About two weeks ago I got married and it was AWESOME! My now-husband and I really enjoy beer and we decided to have a beer-themed wedding. When we first visited Belgium a couple of years ago, we swore that if we lived close by we would make frequent trips to Belgium to buy as much glorious beer as possible (within legal limits of course!). After getting engaged and moving to Frankfurt, we decided that we would go directly to Belgium to buy some of our wedding beer there. As the summer went on, we were getting busier and busier and then it was August. We had to move quickly. We only had two nights and we decided to stay in Rochefort because that is where my favorite Trappist beer comes from (yes, I’ve had Westvleteren). Rochefort is a municipality located in southern Belgium in the Walloon Region, which is predominately French-speaking. This post gives an overview of our experiences in Rochefort and some tips from our beer run.
Where We Stayed
Rochefort is comprised of a number of sub-municipalities and we stayed in Rochefort proper. Since it was high season and we were booking a bit last minute, most hotel prices were high. We decided to stay at a somewhat newly opened accommodation called Margot’L. The Margot’L was an interesting experience. When we first arrived we buzzed in and we were told that the concierge who would check us in would be there in a couple of minutes. Apparently, this accommodation is a budget offshoot of the higher end Hotel La Malle Poste, which is up the road. While you can reach a staff member through telephones in the rooms and by buzzing in at the front door, no one is permanently on-site. The property is clean and they made an effort to make it look cute. If you’re looking for breakfast or a human to talk to face-to-face with, I would look elsewhere; however, if you’re looking for a clean, comfortable, and affordable place to stay for a night or two, this is a good option.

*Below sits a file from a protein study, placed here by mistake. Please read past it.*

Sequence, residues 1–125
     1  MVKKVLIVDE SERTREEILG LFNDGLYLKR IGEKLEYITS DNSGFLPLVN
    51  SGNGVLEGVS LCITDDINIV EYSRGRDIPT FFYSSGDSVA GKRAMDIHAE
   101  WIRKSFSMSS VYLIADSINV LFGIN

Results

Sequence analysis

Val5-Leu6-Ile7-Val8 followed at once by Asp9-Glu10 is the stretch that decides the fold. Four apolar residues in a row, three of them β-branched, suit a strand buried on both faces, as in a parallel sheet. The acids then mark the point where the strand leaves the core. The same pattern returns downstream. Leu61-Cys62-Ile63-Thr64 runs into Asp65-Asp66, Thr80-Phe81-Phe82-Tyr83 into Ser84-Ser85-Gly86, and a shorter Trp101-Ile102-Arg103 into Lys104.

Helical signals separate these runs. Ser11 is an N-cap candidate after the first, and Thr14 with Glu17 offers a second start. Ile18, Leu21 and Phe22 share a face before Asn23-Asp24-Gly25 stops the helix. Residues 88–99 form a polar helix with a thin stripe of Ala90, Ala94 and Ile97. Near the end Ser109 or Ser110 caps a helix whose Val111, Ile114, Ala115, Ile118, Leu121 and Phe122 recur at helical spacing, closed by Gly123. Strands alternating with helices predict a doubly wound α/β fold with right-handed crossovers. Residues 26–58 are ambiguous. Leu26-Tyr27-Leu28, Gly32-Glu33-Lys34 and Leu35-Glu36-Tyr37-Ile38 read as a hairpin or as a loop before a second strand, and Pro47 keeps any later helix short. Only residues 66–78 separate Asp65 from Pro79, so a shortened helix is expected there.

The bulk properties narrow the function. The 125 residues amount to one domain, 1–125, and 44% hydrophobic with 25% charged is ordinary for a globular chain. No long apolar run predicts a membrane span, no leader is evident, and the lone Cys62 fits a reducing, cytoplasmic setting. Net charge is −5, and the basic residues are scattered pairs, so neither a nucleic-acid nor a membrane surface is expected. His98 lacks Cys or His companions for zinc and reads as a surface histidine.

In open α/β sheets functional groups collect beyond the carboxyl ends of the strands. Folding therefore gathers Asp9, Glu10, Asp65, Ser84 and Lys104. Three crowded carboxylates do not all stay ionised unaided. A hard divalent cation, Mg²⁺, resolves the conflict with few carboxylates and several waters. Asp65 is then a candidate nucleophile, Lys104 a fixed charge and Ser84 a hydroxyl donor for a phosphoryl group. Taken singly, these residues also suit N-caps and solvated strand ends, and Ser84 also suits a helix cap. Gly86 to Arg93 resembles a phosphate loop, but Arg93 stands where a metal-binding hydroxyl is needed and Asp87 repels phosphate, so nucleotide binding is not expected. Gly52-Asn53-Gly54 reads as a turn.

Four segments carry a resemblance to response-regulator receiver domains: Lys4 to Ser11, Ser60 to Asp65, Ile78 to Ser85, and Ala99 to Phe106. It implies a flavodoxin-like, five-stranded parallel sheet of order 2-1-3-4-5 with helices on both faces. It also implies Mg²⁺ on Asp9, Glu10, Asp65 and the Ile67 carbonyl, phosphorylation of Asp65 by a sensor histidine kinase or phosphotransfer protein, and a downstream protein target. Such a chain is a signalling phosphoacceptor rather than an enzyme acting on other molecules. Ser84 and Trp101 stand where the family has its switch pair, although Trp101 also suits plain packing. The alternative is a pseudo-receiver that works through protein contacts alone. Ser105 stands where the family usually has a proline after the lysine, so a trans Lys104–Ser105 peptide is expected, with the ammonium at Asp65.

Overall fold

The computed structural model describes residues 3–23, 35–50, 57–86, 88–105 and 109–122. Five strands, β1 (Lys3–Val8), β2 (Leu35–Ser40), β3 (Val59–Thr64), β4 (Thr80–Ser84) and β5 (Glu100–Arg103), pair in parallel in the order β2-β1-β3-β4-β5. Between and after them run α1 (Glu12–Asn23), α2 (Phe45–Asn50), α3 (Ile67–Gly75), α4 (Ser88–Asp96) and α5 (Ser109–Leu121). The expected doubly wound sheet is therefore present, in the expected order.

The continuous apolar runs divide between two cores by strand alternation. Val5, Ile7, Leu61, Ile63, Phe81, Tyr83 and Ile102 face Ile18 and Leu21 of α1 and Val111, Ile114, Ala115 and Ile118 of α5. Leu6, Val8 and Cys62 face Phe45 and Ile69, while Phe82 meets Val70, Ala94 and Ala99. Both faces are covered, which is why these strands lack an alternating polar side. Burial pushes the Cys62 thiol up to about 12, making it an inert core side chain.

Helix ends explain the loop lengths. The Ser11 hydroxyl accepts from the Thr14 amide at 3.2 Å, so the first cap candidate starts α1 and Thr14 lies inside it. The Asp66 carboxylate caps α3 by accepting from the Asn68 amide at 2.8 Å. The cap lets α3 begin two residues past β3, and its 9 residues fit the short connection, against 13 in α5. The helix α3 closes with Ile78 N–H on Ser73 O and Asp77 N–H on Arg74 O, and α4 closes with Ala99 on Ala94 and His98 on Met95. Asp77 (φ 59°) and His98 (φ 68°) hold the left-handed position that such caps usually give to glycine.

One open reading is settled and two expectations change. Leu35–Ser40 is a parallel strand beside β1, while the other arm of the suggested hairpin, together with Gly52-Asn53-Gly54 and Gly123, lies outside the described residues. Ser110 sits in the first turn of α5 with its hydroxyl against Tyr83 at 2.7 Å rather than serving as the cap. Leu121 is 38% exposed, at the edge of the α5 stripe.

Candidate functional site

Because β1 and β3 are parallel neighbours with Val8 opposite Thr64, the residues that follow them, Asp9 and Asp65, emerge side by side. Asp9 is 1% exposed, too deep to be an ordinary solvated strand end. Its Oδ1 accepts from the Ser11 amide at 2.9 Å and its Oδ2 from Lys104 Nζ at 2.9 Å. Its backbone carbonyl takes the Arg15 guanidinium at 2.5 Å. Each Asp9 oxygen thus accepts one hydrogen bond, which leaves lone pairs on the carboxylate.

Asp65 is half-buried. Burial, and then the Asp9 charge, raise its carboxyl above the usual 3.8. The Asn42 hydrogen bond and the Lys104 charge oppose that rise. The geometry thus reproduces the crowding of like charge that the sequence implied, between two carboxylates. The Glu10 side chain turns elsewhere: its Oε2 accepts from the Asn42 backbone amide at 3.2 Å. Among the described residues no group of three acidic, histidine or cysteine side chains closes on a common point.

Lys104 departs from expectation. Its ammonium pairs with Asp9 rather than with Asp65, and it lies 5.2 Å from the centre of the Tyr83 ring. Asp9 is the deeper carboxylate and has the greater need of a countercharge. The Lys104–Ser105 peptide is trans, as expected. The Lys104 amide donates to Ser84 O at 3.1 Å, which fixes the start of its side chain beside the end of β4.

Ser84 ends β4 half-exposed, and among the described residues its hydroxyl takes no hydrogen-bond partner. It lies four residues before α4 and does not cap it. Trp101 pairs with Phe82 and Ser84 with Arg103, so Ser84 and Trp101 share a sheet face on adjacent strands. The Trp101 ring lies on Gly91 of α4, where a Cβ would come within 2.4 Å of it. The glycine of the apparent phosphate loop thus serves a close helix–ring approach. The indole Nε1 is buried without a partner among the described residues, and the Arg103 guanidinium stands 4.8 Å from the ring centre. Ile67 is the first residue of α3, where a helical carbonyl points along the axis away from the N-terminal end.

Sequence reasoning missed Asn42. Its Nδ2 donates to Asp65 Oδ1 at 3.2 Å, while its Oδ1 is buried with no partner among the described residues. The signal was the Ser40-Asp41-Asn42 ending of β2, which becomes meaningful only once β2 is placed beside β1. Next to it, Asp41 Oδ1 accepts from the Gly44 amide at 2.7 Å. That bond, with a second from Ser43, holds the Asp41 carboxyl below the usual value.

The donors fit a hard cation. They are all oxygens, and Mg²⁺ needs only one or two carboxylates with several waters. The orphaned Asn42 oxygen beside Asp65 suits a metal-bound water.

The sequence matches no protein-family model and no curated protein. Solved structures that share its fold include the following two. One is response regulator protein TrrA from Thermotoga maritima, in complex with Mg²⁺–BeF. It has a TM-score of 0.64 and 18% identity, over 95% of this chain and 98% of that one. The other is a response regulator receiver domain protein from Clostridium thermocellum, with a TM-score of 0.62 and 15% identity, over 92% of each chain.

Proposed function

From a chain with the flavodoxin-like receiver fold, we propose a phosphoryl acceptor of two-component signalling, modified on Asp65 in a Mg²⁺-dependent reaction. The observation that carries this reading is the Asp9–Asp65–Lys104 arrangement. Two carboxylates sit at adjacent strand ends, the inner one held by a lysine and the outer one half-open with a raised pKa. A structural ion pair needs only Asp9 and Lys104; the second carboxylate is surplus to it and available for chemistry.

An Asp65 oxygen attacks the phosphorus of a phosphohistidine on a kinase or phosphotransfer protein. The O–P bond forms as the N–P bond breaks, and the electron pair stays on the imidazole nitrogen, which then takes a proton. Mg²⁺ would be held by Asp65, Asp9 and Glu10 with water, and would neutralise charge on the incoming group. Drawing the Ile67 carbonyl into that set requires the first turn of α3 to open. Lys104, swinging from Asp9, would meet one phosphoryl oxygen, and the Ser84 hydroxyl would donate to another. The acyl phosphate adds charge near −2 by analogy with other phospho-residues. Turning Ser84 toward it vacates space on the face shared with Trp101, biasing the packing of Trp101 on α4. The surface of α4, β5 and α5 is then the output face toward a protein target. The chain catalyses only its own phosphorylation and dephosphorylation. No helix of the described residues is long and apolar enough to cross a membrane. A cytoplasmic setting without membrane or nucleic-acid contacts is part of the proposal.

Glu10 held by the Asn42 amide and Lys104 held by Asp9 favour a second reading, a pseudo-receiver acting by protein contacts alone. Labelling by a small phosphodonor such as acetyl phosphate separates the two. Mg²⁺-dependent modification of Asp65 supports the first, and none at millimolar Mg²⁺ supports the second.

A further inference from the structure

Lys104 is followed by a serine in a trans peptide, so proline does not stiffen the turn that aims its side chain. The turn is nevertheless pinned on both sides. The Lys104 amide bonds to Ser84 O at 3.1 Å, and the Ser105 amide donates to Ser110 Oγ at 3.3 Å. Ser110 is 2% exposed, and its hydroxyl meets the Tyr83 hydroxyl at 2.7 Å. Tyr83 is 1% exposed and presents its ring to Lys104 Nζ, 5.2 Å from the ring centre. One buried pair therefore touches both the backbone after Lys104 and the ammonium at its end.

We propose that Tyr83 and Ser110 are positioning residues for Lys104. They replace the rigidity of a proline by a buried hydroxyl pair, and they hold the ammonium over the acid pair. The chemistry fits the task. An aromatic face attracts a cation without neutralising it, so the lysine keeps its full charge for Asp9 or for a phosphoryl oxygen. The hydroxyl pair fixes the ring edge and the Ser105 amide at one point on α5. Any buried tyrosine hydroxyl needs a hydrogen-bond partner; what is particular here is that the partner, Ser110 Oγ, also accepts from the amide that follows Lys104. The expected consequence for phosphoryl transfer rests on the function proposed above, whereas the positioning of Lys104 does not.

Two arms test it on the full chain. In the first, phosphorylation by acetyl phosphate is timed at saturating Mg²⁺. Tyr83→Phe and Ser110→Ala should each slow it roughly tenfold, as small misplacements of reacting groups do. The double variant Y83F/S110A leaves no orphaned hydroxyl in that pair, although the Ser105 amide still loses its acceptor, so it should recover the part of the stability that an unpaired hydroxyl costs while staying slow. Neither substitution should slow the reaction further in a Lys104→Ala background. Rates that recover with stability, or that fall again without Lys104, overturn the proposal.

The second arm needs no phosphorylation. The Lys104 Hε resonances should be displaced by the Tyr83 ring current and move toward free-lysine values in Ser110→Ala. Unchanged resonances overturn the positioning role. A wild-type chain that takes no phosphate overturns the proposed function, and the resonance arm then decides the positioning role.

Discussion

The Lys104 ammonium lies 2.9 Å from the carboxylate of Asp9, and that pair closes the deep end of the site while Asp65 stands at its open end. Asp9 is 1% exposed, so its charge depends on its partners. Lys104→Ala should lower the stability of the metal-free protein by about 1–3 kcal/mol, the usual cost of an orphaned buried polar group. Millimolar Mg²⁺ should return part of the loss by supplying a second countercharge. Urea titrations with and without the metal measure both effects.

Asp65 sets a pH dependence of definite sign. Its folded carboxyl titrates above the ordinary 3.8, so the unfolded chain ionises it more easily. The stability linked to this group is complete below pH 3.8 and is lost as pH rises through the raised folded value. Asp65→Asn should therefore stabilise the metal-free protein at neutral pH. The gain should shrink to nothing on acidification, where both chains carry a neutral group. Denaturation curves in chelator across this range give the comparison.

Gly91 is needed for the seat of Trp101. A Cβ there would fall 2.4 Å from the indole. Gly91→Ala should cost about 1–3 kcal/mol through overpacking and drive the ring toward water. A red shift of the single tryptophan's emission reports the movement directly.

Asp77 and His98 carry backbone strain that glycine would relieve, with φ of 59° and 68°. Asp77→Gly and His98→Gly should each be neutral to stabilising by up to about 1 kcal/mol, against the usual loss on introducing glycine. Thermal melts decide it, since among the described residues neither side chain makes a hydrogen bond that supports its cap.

What We Saw
I’ll be honest, we definitely missed on some of the main tourist attractions like visiting the Rochefort Castle and the caves of Hans-Sur-Lesse; however, we did get to see a couple of things.
L’Abbaye Notre-Dame de Saint-Remy
This is the Abbey that brews the famous Rochefort Trappist beer. Even though we know we couldn’t tour the brewery, as it’s not open to the public, we still wanted to check the area out. The Abbey is about a 3km drive from the center of Rochefort proper and located off a small road that leads you through green, wooded areas.
When we got there, we were the only outsiders. We saw the brewery, the abbey, and some other buildings. When we first entered the Abbey the monks seemed to be in the middle of a prayer so waited as we didn’t want to interrupt. After they left, we took a quick look inside. Upon returning to our car, we saw some other people exiting with beer. This was interesting. We were told that there was nothing at the Abbey, in terms of beer, for visitors. Later I found out, you could actually buy beer on the property. It would have taken a lot of ringing, waiting, and in my case, broken French. Since this wasn’t a well-known or very public way of purchasing the beer, I didn’t feel bad about going to the supermarket the next day to get cases of beer. The Abbey itself is situated in a tranquil and beautiful area. If you simply want to see the place where Rochefort is made, then stop by; however, if you want tastings, tours, and a clear place to buy beer, I would look elsewhere.